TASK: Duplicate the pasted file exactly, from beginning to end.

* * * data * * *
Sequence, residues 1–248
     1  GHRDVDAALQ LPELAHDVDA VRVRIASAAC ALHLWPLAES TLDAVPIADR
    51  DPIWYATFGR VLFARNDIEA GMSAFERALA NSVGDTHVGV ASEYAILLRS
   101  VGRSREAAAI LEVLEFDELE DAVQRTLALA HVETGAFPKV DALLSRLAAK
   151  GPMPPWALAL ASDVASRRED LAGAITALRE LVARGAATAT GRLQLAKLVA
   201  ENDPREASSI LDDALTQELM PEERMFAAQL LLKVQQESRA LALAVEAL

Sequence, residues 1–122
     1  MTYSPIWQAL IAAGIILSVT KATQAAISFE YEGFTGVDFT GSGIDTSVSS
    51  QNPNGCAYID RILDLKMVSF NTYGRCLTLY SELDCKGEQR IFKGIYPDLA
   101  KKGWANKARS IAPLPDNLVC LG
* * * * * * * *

Sequence, residues 1–248
     1  GHRDVDAALQ LPELAHDVDA VRVRIASAAC ALHLWPLAES TLDAVPIADR
    51  DPIWYATFGR VLFARNDIEA GMSAFERALA NSVGDTHVGV ASEYAILLRS
   101  VGRSREAAAI LEVLEFDELE DAVQRTLALA HVETGAFPKV DALLSRLAAK
   151  GPMPPWALAL ASDVASRRED LAGAITALRE LVARGAATAT GRLQLAKLVA
   201  ENDPREASSI LDDALTQELM PEERMFAAQL LLKVQQESRA LALAVEAL

Sequence, residues 1–122
     1  MTYSPIWQAL IAAGIILSVT KATQAAISFE YEGFTGVDFT GSGIDTSVSS
    51  QNPNGCAYID RILDLKMVSF NTYGRCLTLY SELDCKGEQR IFKGIYPDLA
   101  KKGWANKARS IAPLPDNLVC LG